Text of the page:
“One of the remarkable things about America is that nearly all of our families originally came from someplace else. We’re a nation of immigrants. It’s a source of our strength and something we all can take pride in.” – Barack Obama
June is Immigrant Heritage Month, a time to celebrate the diversity that the United States is founded on and the contributions that immigrants continue to make in our country. Immigrant Heritage Month is an initiative that was created in June 2014 by Welcome.us. The focus is to 1. give each person an opportunity to explore their own heritage, 2. gather and share stories to create understanding and 3. to take action by supporting immigrant coworkers, family members, employees, neighbors and friends.
At FoodtoEat, we work directly with women, minority and immigrant-run food businesses throughout NYC because we believe that food is one of the key components of a city’s culture. Without the immigrant businesses that contribute to that culture, you lose a part of the city’s identity. Which is why we are partnering with General Assembly for a panel event in honor of Immigrant Heritage Month, celebrating the immigrant-run businesses that we work with and listening to a few of the stories of vendors that are open to sharing them with us and you!
The panel will be taking place on Wednesday, June 20th from 6:30-8:30PM and will include food that reflects the culture of each panelist. Below is information about each of our panelists and how they came to be involved in New York City’s food industry. RSVP today so that you don’t miss out on this extremely important event that will discuss the issues facing the immigrant population in the United States, the factors that affect restaurant owners and the food industry as a whole, and why our mission of supporting local food businesses is so important.
Kay Ch’ien, Hey Hey Canteen
Kay was born in Singapore and raised in Hong Kong, where she grew up surrounded by her family’s food business and the delicious and diverse cuisines of both cities. In between college and law school, she spent a fascinating year exploring her family’s roots in Beijing, teaching English and eating her way through the metropolis. A job offer at a law firm allowed her to fulfill a lifelong goal of moving to New York City. After six years as an attorney, she decided to leave “Big Law” to pursue her true passion: Asian cuisine. In 2014 Kay opened the well-received farm to table Chinese restaurant, 2 Duck Goose, and in 2016 she teamed up with Carlos Barrera to bring delicious and wholesome Asian dishes to Brooklyn with the launch of Hey Hey Canteen.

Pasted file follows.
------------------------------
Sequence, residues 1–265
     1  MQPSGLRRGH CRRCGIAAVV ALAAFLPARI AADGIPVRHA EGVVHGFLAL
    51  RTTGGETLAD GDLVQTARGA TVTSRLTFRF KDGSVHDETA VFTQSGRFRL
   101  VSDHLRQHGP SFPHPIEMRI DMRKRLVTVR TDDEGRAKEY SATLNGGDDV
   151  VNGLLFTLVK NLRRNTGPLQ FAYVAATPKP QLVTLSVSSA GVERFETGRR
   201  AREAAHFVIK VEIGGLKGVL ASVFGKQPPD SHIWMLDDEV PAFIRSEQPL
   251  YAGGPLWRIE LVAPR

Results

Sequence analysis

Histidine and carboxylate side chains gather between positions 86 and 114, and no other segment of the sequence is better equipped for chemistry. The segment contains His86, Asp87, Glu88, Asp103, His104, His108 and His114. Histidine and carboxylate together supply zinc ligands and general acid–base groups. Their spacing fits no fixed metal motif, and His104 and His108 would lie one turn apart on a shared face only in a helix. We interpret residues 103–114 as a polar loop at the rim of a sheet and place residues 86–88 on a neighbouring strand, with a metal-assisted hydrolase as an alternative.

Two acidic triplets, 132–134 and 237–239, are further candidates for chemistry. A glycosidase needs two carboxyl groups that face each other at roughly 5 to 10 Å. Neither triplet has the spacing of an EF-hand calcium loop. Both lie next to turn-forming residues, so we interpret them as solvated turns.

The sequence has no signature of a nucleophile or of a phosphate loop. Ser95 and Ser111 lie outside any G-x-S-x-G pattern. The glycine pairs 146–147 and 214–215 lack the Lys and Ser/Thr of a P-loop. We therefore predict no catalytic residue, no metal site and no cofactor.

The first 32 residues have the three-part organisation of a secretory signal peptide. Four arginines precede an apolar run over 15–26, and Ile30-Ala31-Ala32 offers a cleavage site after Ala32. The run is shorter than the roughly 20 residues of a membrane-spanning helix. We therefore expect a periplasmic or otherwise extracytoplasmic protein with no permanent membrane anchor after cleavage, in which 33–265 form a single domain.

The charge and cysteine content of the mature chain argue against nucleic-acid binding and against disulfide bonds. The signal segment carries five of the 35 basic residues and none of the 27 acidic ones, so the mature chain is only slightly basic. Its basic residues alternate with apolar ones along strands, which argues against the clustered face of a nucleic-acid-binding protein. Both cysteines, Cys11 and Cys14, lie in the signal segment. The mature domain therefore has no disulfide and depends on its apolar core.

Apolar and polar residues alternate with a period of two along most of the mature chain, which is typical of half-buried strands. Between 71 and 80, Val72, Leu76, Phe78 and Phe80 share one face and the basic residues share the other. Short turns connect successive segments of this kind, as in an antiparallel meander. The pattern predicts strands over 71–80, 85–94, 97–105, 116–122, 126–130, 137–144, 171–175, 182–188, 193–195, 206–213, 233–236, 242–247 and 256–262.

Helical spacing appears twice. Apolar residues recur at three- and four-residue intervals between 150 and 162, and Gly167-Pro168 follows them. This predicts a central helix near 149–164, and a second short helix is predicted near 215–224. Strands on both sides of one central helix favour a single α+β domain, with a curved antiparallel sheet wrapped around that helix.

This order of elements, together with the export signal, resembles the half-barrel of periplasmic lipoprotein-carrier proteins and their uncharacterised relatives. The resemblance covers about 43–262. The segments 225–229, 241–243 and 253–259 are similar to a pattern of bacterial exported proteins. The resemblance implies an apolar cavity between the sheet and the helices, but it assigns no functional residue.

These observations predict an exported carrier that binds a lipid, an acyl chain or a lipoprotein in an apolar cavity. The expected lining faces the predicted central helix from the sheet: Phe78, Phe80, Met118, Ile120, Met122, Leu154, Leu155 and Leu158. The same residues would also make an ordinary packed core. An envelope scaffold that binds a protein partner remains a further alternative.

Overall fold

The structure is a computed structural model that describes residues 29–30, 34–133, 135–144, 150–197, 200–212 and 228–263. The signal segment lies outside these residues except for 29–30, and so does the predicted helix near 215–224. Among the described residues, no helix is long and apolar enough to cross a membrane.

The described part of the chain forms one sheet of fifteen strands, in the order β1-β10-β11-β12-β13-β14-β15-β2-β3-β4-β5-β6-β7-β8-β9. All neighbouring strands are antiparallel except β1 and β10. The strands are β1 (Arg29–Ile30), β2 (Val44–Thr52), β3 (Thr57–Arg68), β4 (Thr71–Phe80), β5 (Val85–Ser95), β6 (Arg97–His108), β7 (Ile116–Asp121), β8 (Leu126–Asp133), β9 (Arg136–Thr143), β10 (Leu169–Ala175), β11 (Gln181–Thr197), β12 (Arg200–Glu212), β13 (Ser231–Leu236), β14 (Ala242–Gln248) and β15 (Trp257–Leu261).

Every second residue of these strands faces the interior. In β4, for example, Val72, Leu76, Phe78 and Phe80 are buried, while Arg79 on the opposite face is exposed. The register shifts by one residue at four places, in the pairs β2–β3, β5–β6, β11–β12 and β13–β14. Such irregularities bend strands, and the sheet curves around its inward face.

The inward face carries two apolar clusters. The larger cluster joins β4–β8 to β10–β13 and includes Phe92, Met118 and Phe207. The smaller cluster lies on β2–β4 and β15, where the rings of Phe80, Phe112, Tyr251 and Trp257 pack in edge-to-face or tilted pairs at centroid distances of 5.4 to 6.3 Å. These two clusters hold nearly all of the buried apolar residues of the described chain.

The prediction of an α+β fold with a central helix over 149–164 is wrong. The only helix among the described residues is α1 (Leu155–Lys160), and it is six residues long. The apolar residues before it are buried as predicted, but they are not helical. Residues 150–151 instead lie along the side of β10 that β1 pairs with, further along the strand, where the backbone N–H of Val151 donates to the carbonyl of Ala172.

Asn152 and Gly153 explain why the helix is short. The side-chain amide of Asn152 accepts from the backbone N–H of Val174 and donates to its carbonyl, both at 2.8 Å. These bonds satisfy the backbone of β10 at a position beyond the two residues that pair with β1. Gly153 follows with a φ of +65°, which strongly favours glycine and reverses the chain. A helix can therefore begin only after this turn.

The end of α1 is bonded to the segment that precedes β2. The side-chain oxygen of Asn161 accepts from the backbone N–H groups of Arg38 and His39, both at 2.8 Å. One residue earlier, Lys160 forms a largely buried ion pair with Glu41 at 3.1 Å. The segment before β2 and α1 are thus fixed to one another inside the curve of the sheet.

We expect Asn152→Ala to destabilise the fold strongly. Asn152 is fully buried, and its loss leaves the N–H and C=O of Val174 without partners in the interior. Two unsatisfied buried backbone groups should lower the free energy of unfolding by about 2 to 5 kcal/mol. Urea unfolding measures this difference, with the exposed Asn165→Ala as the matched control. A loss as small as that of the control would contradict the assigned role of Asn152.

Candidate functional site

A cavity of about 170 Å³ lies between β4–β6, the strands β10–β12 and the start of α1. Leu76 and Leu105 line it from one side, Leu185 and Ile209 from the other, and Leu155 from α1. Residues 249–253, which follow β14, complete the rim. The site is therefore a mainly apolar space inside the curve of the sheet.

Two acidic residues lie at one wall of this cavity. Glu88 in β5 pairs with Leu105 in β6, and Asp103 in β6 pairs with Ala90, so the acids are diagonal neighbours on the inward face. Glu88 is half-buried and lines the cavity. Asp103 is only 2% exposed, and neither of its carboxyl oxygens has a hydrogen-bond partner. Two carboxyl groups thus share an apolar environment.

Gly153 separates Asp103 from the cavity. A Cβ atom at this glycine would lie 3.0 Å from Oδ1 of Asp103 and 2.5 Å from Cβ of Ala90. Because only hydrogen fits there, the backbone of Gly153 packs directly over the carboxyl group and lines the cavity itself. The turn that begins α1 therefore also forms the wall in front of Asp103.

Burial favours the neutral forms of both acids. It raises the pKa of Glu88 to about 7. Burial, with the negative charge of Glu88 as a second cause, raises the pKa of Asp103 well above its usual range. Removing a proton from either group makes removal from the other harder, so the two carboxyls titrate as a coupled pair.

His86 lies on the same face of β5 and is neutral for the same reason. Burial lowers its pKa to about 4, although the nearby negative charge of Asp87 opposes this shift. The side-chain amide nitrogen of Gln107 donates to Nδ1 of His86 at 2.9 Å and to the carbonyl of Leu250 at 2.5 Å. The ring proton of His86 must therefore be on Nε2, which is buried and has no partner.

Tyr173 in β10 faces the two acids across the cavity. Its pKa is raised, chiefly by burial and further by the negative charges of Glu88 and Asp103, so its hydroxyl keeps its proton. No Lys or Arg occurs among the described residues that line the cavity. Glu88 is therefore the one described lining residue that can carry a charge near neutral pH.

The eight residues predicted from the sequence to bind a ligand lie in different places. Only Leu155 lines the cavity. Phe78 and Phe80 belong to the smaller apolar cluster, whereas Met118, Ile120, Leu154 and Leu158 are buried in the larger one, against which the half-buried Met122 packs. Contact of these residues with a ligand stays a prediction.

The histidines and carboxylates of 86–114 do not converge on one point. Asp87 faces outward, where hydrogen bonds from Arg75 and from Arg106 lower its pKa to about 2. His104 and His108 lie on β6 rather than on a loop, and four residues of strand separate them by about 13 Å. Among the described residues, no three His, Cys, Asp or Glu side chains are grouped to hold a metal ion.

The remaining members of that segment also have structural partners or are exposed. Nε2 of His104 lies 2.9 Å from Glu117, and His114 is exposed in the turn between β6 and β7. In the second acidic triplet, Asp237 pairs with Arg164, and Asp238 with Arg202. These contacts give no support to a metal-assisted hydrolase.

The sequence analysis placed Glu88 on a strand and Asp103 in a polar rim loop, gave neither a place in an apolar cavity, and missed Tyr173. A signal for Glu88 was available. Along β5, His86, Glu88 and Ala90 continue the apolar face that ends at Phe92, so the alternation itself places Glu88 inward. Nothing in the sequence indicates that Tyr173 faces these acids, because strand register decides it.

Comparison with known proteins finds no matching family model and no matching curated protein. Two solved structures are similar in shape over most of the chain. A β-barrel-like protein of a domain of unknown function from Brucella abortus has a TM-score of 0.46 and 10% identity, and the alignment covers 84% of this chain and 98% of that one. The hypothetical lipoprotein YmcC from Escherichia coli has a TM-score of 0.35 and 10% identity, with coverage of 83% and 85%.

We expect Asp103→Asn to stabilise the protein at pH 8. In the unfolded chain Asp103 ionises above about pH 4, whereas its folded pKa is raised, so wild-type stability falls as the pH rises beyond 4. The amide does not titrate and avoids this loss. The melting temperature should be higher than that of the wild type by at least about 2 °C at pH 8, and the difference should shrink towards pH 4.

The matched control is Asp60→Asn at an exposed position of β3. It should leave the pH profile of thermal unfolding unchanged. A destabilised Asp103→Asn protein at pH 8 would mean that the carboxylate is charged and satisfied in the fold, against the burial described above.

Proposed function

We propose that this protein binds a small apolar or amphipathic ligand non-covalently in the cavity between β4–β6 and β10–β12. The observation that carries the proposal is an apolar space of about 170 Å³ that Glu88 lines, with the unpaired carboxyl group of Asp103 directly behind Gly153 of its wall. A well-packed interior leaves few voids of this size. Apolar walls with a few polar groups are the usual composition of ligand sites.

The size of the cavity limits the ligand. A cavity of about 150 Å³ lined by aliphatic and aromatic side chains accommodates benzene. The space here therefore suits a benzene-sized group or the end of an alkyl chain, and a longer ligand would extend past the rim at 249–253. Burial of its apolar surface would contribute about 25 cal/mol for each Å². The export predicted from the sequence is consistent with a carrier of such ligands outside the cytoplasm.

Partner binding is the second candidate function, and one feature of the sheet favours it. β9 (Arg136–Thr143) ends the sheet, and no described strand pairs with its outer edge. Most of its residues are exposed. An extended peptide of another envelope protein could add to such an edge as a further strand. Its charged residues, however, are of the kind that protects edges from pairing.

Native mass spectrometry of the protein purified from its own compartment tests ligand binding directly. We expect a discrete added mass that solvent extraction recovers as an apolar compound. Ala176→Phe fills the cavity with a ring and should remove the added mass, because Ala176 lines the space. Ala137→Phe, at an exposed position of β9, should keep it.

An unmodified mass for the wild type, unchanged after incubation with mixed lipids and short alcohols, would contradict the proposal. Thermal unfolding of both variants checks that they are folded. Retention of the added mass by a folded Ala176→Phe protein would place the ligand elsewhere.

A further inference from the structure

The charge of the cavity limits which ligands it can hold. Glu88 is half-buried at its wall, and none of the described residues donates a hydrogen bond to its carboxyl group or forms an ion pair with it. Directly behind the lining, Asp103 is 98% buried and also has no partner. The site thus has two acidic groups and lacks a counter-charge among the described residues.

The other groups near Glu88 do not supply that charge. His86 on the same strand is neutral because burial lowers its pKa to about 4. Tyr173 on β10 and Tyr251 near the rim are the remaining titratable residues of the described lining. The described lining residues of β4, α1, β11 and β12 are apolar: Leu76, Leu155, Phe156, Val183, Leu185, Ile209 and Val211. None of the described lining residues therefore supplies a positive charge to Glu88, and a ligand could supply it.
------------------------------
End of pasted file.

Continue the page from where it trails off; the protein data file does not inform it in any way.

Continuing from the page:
Siwat Thitiwatana, Mamu Thai Noodle
Mamu Thai Noodle started as a food truck in 2013 by Siwat and his sister. It was the first Thai food truck in NYC dedicated to Thai noodle dishes. From a successful Kickstarter campaign to the mean streets of NYC to a brick & mortar in Queens to a corporate catering company, the path to fruition was not a conventional one for this company. Using family recipes from his uncle’s noodle shop in Bangkok as well as a few of Chef Siwat’s own, Mamu Thai has just celebrated it’s most successful year to date!
PriaVanda Chouhan, Desi Galli
Owner PriaVanda Chouhan and her husband opened Desi Galli in 2012 to satisfy the Desi (Indian sub-continent disapora) hankering for Indian soul food. Desi is a Hindustani term for the people, cultures and products of the Indian subcontinent or South Asia and is derived from Sanskrit which means “one from our country”. Galli symbolizes an “alley” or “street”. Though her father warned her husband-to-be that she couldn’t cook, PriaVanda taught herself to make not only her mother’s recipes but also her husband’s family favorites. Inspired by Rachael Ray’s fast and easy methods for putting dinner on the table in under 30 minutes, she turned her home kitchen into a test kitchen, mastering a multitude of Indian recipes every day and developing her own personal style of lighter, healthier, vegan and gluten free cooking without sacrificing flavor.
Their restaurant specializes in Kathi (or Kati) Rolls, Vada Pav, Chaats and Biryani, all of which is prepared in front of diners in their restaurant’s open kitchen. Since they opened they have been featured in a variety of different outlets such as: The Rachael Ray Show, ABC News, TimeOut, Jus Punjabi and the NY Times. They have also been voted best sandwich for their Aloo & Paneer Tikki by Time Out and voted one of the best dishes in NYC by Village Voice for their Bhel Puri.
Charles Chipengule, Jaa Dijo Dom
Charles was born and raised in Botswana, Africa. He is a mechanical electrician and chef by profession. Growing up in Africa, he had a passion for food and simply loved cooking. After graduating from high school, he was able to save up just enough money to open a breakfast food stall, which helped him fund his technical college and culinary courses. However, due to the dire economic conditions in Botswana, Charles eventually had to close down his breakfast stall and emigrated to the United States. After arriving in the United States, Charles worked in restaurants and pursued his cooking dream, despite a great learning curve and increased responsibility. He took culinary classes in New York and got inspired to share the richness and flavor of the African food of his past.
Charles believes in good, healthy eating, which is why he sources his African peppers and herbs straight from Africa, grinding it all in house. All of the unique African dishes that he creates have been handed down through generations and are currently being made all over Africa on a daily basis, from nations North, South, East and West. Today he turns those daily, basic dishes into a meal you will never forget!